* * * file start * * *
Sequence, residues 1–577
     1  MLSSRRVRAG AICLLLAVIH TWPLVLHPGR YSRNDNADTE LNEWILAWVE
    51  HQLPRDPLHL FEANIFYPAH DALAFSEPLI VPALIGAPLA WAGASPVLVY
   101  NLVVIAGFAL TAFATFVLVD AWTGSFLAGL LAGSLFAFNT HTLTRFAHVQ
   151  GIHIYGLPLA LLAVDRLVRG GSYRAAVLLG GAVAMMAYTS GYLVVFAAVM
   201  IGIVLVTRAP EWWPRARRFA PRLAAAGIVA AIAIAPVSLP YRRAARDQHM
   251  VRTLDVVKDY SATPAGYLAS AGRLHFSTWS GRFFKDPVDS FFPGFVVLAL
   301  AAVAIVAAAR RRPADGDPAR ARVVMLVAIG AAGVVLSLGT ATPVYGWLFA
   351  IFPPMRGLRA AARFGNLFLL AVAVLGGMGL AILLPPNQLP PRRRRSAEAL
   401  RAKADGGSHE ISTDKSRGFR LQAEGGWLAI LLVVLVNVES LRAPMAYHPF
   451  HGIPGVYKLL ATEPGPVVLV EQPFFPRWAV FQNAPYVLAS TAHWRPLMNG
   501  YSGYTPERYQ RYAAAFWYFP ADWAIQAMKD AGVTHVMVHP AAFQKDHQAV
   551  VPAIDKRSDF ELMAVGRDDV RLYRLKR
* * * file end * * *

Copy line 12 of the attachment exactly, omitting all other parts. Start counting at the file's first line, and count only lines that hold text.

   501  YSGYTPERYQ RYAAAFWYFP ADWAIQAMKD AGVTHVMVHP AAFQKDHQAV